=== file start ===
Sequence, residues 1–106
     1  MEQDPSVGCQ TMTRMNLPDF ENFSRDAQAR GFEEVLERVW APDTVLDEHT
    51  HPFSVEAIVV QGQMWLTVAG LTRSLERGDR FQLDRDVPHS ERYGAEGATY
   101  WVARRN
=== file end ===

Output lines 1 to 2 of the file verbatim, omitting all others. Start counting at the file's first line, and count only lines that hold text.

Sequence, residues 1–106
     1  MEQDPSVGCQ TMTRMNLPDF ENFSRDAQAR GFEEVLERVW APDTVLDEHT